The English Government decided to raise an army to suppress the rebellion. The difficulty was whether the King, Charles I, or the Parliament would control the army. At the time the Parliament was attempting to limit the power of the King. The latter believed in the divine right of kings. This political crisis led to the beginning of the Civil War in England in August 1642 when the King mobilised an army loyal to himself. Parliament responded in a similar way, raising their own army.
Initially the Parliament relied on local militias and, when they were unwilling to fight far from their homes, the Parliament authorised the leading men on its side to organise private armies to fight for it. At the end of 1644 Oliver Cromwell, a leading commander in the parliamentary army, said it could not win until it organised a more effective army along the following lines:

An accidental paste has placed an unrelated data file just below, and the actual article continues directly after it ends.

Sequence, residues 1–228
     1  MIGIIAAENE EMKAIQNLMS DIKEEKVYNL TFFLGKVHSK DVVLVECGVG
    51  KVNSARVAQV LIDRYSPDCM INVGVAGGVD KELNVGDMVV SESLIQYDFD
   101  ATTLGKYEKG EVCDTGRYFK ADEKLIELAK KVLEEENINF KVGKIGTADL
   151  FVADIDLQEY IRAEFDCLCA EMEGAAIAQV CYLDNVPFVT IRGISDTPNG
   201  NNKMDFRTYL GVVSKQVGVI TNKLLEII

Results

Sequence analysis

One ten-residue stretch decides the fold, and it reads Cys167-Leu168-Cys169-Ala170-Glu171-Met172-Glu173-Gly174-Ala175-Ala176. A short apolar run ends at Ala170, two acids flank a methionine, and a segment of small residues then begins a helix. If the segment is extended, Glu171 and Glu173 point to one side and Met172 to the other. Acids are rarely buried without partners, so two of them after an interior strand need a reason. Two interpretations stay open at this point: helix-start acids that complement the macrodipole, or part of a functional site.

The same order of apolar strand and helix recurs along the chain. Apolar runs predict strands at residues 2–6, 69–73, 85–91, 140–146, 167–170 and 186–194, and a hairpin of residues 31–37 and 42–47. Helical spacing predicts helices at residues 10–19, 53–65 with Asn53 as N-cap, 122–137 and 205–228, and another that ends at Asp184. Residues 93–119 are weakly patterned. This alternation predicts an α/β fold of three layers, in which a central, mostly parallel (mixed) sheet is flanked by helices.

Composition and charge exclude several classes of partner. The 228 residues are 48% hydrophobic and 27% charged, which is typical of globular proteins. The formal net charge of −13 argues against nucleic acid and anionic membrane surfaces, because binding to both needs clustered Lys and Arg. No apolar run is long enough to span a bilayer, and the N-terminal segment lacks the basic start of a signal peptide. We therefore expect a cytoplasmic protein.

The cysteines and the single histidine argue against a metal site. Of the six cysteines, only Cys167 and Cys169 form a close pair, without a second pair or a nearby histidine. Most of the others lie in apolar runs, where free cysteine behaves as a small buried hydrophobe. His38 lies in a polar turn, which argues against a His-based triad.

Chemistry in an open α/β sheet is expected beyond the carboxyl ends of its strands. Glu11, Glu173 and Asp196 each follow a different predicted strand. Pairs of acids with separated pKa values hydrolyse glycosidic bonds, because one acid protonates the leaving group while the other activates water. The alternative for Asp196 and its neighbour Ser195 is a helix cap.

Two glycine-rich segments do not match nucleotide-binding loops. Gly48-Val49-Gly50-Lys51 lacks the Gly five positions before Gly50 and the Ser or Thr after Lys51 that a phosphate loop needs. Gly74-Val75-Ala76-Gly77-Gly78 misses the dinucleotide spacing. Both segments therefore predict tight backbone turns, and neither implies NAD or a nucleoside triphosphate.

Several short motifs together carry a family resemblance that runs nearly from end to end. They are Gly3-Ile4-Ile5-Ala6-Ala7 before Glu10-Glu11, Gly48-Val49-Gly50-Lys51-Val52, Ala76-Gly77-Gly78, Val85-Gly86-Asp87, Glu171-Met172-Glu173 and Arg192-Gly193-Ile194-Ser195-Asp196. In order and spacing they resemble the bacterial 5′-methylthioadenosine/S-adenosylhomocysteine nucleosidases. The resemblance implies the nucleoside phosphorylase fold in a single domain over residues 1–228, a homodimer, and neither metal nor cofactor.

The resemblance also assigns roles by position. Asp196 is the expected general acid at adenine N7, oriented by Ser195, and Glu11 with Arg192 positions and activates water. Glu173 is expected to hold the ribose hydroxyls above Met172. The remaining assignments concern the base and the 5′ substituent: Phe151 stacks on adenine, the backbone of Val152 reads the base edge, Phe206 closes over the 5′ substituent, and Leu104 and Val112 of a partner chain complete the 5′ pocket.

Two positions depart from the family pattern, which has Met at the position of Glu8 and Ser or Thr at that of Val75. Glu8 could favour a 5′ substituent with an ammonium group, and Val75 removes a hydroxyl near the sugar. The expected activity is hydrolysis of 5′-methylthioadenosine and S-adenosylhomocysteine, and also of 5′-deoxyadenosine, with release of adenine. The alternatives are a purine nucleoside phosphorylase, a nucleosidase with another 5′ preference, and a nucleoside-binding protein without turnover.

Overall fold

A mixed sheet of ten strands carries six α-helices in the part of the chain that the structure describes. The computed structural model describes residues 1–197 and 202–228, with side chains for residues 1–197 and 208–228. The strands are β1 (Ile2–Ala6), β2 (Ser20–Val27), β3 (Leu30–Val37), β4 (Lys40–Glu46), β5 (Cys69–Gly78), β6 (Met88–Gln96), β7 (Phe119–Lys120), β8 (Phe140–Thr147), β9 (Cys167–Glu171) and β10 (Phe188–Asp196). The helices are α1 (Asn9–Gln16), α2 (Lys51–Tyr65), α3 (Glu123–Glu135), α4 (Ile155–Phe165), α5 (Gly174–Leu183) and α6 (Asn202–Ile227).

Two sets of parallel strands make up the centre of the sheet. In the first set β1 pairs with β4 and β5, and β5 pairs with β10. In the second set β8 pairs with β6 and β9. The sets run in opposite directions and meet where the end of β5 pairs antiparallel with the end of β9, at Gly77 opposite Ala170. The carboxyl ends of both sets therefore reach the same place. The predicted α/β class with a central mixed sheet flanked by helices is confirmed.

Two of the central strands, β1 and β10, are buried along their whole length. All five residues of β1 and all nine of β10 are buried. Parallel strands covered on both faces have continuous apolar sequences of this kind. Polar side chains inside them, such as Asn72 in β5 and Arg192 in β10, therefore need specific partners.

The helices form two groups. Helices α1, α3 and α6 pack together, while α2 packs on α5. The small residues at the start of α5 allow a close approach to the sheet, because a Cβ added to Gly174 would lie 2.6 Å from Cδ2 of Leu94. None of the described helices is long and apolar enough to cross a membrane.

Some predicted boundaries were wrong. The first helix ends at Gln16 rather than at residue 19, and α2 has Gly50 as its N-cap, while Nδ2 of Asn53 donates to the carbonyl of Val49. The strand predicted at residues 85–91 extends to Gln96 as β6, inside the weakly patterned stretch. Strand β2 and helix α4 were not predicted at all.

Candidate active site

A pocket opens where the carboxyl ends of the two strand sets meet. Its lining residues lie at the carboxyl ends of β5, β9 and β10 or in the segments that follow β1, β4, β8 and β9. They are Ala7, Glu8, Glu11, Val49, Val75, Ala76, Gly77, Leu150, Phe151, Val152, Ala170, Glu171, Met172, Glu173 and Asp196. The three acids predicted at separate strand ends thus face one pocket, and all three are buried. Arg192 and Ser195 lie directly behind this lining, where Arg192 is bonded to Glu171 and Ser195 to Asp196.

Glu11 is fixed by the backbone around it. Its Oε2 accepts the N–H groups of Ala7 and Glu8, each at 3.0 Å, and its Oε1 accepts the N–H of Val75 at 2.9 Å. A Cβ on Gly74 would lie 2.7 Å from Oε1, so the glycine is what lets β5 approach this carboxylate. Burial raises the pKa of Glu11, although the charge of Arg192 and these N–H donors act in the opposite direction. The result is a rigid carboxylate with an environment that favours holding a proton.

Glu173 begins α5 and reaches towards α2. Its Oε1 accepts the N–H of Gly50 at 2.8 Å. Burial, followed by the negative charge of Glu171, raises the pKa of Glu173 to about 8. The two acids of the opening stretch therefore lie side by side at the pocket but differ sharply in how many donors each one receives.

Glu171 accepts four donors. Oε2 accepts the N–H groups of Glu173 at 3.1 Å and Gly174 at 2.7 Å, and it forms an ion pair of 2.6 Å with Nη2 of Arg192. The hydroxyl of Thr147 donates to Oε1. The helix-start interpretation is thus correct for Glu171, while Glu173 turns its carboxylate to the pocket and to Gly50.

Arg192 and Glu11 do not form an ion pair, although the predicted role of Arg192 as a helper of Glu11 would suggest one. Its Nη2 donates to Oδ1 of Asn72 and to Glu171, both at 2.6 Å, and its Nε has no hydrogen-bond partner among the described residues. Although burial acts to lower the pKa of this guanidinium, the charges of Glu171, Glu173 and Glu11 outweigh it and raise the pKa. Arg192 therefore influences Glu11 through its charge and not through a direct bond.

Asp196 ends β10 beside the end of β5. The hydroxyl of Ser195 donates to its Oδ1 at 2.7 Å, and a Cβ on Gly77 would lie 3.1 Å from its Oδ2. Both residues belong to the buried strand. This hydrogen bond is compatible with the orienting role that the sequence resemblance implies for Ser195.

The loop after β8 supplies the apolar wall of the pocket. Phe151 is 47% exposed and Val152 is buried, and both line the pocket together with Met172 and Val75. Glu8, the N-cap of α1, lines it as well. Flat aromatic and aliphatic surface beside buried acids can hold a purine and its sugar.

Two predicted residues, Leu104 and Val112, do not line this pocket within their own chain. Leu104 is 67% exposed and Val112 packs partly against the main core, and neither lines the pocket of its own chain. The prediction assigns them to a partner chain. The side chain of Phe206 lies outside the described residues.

The ideology of the soldiers was based on the Protestant interpretation of the Bible. This included the belief that God made all men equal. This was summarised in a simple verse to describe the situation in the Garden of Eden:
“When Adam delved (dug) and Eve span
Who then was the gentleman?”
That is, there was no class distinction in the Garden of Eden. This religion also said that a man could talk directly to God and did not need to go through a clergyman or look for the services of a saint. And, even more significantly, they were very taken by the concept of ‘covenant’ or ‘contract’. This, of course, occurred first in the old testament when God made a covenant with the Jewish people. While Charles I believed in the God-given right of a King to rule, they said that there was a contract between the King and the people he ruled. If the King broke the terms of the contract then they were entitled to reject his rule.